Tax expert to Vanuatu Govt: don’t repeat the mistakes of the 1990s

tax Vanuatu

A story familiar to many here in Vanuatu and especially those concerned in Finance in government: Nik Soni, who worked with governments here that long ago, after a well developed advisory time in other developing countries, had much to say about Vanuatu’s yet-to-be-unveiled tax plan on Coffee & Controversy on Buzz 96 FM on Tuesday. Not repeating the mistakes of the 1990 is surely the clearest signal of where we are likely to go wrong. But before getting on to the worst early wrongdoings of the late 1990s, Soni was full of praise for the 2017 Government making so much more of public consultation. Too right.

The nitty-gritty of where Vanuatu started going wrong in the 1990s, according to Nik Soni is the balance between income tax and VAT. 20 years ago, Soni revealed, VAT “was chosen as the preferred tax option because it was easier to collect than income tax. Ironically, now income tax is being touted as the best way to compensate for difficulty in collecting sufficient VAT revenues”

He goes on: “I’m not saying I’m for it or against it. I think there needs to be a real understanding of what the implications are. A lot of the positives in the income tax are based around one figure which is this revenue. I don’t know who did it, but that figure is essentially it. The benefit of income tax, as far as the report goes, is that one figure. That’s a very dangerous way to do government policy”, he says. Daily Post carries the full report of the tax discussion.

New Zealand is strongly backing up its support for Correctional Services, which in Santo will now be known as Mauria meaning ‘new life’ in a Santo language. Mauria is the new correctional facility in the northern town and cost the Government of New Zealand Vt 180 million, and supplied a good working environment for some 200 local workers as the building went on. Learning to change attitudes and behaviour and respect the lives and rights of others will be topics of discussion often enough in Mauria.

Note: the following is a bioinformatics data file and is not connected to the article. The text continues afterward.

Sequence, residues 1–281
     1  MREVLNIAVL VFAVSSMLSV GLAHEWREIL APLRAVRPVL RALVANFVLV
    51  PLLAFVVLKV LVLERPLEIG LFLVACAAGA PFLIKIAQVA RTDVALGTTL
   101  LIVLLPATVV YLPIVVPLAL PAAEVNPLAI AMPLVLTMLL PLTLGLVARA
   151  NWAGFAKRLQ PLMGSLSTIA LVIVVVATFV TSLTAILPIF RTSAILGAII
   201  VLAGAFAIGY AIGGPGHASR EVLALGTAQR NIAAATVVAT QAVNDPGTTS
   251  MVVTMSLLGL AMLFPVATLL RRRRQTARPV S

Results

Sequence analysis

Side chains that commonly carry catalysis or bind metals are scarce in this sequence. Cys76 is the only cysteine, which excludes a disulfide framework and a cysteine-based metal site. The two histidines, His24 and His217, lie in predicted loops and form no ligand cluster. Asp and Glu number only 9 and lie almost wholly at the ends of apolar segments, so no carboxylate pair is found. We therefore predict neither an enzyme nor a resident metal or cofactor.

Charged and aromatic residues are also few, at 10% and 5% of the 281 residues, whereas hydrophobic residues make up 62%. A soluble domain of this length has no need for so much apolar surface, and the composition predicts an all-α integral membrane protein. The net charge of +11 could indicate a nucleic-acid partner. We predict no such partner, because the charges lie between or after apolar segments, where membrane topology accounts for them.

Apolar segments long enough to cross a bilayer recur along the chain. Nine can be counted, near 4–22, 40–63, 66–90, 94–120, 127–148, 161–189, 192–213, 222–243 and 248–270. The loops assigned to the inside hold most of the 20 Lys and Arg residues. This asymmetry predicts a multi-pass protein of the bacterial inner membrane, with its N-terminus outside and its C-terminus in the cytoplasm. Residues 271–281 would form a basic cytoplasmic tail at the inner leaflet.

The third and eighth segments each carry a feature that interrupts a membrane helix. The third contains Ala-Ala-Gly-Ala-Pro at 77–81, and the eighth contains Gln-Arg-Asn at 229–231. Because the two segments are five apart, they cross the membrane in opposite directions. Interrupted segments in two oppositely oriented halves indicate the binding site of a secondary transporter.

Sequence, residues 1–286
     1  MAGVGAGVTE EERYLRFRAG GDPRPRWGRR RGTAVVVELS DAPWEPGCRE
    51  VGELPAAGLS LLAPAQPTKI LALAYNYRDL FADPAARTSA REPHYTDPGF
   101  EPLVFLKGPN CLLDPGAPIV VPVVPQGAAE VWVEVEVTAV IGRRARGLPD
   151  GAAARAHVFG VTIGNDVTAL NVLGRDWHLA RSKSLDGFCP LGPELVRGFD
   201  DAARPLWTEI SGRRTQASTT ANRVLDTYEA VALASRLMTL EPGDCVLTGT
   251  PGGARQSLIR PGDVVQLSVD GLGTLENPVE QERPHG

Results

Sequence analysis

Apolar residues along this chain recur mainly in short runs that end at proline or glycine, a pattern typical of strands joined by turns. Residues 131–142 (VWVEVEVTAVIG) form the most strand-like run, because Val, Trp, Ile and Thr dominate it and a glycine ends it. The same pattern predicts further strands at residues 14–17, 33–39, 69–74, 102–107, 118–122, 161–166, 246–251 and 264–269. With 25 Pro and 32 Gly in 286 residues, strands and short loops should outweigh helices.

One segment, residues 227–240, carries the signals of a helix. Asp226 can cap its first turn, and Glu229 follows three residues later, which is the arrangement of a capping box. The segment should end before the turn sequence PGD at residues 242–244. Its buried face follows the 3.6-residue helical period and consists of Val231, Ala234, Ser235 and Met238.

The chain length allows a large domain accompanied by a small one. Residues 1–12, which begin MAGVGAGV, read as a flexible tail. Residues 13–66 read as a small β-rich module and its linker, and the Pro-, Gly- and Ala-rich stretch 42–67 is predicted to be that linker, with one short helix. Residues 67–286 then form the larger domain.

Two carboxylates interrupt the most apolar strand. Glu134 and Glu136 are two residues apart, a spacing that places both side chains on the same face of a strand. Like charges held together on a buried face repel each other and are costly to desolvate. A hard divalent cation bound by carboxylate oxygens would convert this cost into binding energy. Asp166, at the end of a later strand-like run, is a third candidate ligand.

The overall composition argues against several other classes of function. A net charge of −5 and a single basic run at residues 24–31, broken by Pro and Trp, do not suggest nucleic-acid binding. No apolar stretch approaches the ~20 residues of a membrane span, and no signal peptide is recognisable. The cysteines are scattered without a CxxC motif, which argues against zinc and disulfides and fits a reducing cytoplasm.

4 Comments on “Tax expert to Vanuatu Govt: don’t repeat the mistakes of the 1990s”

  1. Nasimal ( Nasingamelip ) says:

    When we are talking about income taxes we are actually talking about money but so far we have seen mismanagements leading to our compensation culture and it has to stop .The best way to introduce this tax if this government need’s to , is for them to study every avenues to see and come with an idea that is fair and simple for our people on the street to understand . My imput is to put 10% tax on everyone who is working and earning wages or sells a bag of copra or kava and corporate business .i.e If anyone sells a bag of copra & earn him or her 2,200vt , he or she pays 220 vt tax .If someone earn’s 60,000vt per month ,he or she pays 6,000vt and someone earn’s 1,000, 000 vt per month he or she pays 100,000vt tax . I called that fairness across the board as long as those taxes are managed carefully and transparent . Warning to our MPS and public sectors that , they must not ask excessive high salaries . Thank you and I pray our AHAYAH ASHAR AHAYAH bless and guide you all .


  2. S. M. says:

    Let’s stop the fear mongering attitude. The people of Vanuatu don’t need tax. They just need a government who knows how to administer the revenue generated by other sources. Who is pushing so hard to impose taxes? I think we all know …. right?